Last year’s severe winter will mean less deer to harvest this fall, OFAH members told

Deer crossing. photo by John Savage

MANITOULIN ISLAND – Hunters should expect fewer deer being available on Manitoulin Island to harvest this year, a member of the Gore Bay Fish and Game Club (GBFGC) told members of the Ontario Federation of Anglers and Hunters (OFAH) Zone D (which includes Manitoulin) at a meeting held last weekend.

“I have heard mixed reviews on the health of the deer population on Manitoulin Island,” said Roy Polsky, chair of the OFAH Zone D. 

“Last year, as we all know, was an extreme year for weather conditions and the deer on the Island,” said Ian Anderson of the GBFGC, who provided a report to the OFAH members. “I have lived on the Island since 1972, and I can only recall three winters that compared to last year in terms of severity. And we might not have had a single year as dramatic as February was, it seemed to snow hard every day.”

Mr. Anderson said all animals, not just deer, were suffering by February of this year. “We started seeing dead deer in mid-February; their body weights were probably 50 percent of what they should be. In bone marrow inspections of some of the deer you know there is a huge problem when you can pour the bone marrow out of a dead deer like soup. I anticipated there would be a significant loss of deer in the winter and this was confirmed by individual sitings.”

The meeting was told members of the GBFGC carried out an inspection of a 70-acre parcel of property on the Island in which 17 dead deer were found last winter. “We found the jaws of those animals and the majority was last year’s fawns and one big adult.” He said the loss last winter of deer could easily be in the thousands.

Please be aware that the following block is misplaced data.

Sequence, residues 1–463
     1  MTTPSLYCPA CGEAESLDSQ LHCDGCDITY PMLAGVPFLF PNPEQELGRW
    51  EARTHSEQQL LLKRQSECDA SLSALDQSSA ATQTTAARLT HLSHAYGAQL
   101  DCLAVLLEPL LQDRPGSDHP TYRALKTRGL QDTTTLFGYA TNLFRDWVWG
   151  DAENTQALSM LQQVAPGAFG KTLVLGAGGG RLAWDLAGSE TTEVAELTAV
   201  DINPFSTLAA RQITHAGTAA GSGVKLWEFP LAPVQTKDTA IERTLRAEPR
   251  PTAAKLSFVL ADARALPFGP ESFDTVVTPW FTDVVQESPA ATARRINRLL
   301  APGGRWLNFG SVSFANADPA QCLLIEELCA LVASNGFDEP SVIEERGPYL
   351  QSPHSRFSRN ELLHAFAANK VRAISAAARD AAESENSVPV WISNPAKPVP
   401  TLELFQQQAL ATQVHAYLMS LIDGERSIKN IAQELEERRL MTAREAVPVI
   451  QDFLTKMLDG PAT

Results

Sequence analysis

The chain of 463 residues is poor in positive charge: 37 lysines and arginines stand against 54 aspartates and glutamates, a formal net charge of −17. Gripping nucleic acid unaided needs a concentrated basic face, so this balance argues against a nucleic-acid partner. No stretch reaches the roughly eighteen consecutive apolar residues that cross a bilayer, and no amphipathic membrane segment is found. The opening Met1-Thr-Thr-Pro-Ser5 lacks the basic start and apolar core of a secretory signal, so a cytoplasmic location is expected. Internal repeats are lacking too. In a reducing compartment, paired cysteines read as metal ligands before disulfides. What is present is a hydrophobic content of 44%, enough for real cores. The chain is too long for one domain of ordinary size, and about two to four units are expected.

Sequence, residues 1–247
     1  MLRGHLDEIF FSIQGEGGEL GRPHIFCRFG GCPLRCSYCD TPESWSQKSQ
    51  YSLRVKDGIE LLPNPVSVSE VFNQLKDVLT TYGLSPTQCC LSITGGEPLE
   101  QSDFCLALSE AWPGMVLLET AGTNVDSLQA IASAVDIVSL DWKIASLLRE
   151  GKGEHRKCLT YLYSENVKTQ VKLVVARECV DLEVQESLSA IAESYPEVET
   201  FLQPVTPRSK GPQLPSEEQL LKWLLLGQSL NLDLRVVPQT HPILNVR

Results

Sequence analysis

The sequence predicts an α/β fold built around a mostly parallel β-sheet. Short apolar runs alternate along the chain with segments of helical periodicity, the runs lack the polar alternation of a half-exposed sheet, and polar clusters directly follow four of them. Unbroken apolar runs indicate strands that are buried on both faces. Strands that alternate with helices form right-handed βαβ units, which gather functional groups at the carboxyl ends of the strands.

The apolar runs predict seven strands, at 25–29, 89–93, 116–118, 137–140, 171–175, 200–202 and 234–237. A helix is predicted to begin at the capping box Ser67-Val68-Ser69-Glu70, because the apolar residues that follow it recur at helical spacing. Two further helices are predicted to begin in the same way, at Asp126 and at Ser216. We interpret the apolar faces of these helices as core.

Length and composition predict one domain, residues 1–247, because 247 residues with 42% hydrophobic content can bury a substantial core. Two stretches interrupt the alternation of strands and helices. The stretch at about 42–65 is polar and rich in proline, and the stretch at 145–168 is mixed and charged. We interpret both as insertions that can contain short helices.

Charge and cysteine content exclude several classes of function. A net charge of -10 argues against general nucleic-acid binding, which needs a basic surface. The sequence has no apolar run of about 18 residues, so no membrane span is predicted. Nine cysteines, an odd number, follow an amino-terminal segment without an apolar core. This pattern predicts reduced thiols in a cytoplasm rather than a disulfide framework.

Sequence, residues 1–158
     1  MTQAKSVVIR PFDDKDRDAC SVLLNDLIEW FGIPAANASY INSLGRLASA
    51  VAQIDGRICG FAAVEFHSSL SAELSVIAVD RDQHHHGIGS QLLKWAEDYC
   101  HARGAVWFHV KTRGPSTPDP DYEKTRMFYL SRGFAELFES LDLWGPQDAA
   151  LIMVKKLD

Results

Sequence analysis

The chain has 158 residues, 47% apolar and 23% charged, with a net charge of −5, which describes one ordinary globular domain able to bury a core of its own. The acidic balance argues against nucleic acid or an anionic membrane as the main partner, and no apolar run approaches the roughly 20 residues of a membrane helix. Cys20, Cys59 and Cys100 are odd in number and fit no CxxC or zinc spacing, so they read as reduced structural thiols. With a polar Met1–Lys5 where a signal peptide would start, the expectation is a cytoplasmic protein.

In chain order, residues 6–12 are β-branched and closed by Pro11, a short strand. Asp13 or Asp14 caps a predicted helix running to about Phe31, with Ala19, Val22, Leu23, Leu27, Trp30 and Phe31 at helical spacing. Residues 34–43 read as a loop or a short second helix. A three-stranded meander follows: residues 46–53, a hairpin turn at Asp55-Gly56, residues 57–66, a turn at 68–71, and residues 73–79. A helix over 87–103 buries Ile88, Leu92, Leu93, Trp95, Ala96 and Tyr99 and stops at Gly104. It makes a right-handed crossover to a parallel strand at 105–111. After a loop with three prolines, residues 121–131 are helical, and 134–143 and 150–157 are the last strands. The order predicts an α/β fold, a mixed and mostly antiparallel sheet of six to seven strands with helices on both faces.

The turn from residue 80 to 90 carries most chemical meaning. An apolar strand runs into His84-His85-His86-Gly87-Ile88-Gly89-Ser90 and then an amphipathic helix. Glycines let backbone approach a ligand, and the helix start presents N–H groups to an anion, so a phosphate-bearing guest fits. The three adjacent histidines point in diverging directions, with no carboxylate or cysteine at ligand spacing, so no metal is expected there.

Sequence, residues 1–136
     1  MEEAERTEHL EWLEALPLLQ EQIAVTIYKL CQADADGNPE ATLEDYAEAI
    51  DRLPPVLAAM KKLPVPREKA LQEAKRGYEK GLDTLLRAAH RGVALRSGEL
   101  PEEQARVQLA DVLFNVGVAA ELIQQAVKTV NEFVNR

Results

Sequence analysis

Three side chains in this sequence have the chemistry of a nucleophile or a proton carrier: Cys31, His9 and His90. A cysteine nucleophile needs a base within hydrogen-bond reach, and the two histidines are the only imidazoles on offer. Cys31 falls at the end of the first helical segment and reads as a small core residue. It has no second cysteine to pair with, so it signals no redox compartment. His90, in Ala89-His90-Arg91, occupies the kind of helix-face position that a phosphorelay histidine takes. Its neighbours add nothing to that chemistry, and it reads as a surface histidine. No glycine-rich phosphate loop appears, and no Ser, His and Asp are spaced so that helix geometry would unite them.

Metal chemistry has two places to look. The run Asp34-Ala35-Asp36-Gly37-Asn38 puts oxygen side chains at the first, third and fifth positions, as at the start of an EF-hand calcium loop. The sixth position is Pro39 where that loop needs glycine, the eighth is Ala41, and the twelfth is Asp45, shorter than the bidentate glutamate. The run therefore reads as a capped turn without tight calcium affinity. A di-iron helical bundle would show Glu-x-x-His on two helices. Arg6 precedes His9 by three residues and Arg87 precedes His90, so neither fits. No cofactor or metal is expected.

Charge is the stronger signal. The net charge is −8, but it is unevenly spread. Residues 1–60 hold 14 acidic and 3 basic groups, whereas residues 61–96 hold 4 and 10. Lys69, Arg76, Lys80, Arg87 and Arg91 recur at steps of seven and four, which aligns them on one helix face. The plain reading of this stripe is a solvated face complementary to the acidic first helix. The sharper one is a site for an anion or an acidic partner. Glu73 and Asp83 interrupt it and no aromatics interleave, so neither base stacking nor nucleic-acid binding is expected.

Mr. Anderson also told the meeting that in the front yard of his property in Kagawong on Saturday morning he saw six deer from his window—four adult does and two fawns—the latter two both undersized. “On average a doe will have 1.2 does,” he said. “Every adult doe you see in a field should have one, two or even sometimes three fawns. What I’m seeing is a lack of fawns this year, as we expected.”

“We will see a reduction in the number of fawns and there will be quite a reduction in male/female yearlings and adult does,” said Mr. Anderson. He said he is pleased the Ministry of Natural Resources and Forestry accepted and put in place a reduction in the number of deer tags provided for this year’s annual deer hunt on the Island. 

However, Mr. Anderson noted that deer populations can recover quickly and the Island enjoyed a relatively good summer and fall, and food sources such as apples, nuts and green grass are plentiful and most deer should be able to increase their weight overall going ahead. “If deer have a really good fat content going into the winter they have a bit of an advantage if a severe winter hits.”

“But overall, there will be less deer available to hunt this fall,” stated Mr. Anderson. He pointed out that Manitoulin, with the help of the OFAH and Manitoulin Streams Improvement Association and the North Shore clubs were successful in breaking trails deer to gain access for food sources last winter; that in turn reduced the deer mortality on the Island.

“I’m hearing this coming winter is going to be comparable to last year’s,” said one person at the meeting. And one person said they had heard the winter is going be even more extreme this year.

Deer in some areas will fare better than others and some will be worse off, said Mr. Anderson. The reductions will be felt all over the Island, he said.
Mr. Anderson said with the high depth of snow on the ground last winter, “I’ve never seen in my 50 winters here, where the deer yards would basically shrink within 10 days. The deer kept compacting into the deer yards. There were a couple of yards that went from four kilometers to one-half kilometre wide in a matter of days. This is what happens when deer concentrate in one area.”

“One of the saving graces with winter last year was the ice storms we had, because it brought the cedar tree branches and limbs down to a level the deer could reach,” continued Mr. Anderson. “The freezing rain was actually good for our deer.”

“The best thing we can do is start early enough before the winter comes to break trails for the deer to access food sources,” said Mr. Anderson. “A long trail system allows places for deer to access food sources and to get away from predators.”